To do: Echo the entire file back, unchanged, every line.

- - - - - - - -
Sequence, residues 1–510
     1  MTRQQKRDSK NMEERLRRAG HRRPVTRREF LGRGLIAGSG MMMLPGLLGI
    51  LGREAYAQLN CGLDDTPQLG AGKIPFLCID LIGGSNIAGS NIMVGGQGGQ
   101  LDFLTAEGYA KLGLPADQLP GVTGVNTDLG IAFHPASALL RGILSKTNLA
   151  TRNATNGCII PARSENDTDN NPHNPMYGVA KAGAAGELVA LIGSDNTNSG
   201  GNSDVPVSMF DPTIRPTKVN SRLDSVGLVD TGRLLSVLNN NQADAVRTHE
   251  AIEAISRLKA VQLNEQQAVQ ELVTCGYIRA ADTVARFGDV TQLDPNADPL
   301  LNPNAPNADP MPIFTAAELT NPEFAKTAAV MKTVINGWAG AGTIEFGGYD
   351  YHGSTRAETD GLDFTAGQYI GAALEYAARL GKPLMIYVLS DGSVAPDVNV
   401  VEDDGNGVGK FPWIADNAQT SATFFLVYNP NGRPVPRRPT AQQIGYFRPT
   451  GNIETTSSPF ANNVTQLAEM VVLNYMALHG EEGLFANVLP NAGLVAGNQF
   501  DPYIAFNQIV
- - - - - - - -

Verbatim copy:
Sequence, residues 1–510
     1  MTRQQKRDSK NMEERLRRAG HRRPVTRREF LGRGLIAGSG MMMLPGLLGI
    51  LGREAYAQLN CGLDDTPQLG AGKIPFLCID LIGGSNIAGS NIMVGGQGGQ
   101  LDFLTAEGYA KLGLPADQLP GVTGVNTDLG IAFHPASALL RGILSKTNLA
   151  TRNATNGCII PARSENDTDN NPHNPMYGVA KAGAAGELVA LIGSDNTNSG
   201  GNSDVPVSMF DPTIRPTKVN SRLDSVGLVD TGRLLSVLNN NQADAVRTHE
   251  AIEAISRLKA VQLNEQQAVQ ELVTCGYIRA ADTVARFGDV TQLDPNADPL
   301  LNPNAPNADP MPIFTAAELT NPEFAKTAAV MKTVINGWAG AGTIEFGGYD
   351  YHGSTRAETD GLDFTAGQYI GAALEYAARL GKPLMIYVLS DGSVAPDVNV
   401  VEDDGNGVGK FPWIADNAQT SATFFLVYNP NGRPVPRRPT AQQIGYFRPT
   451  GNIETTSSPF ANNVTQLAEM VVLNYMALHG EEGLFANVLP NAGLVAGNQF
   501  DPYIAFNQIV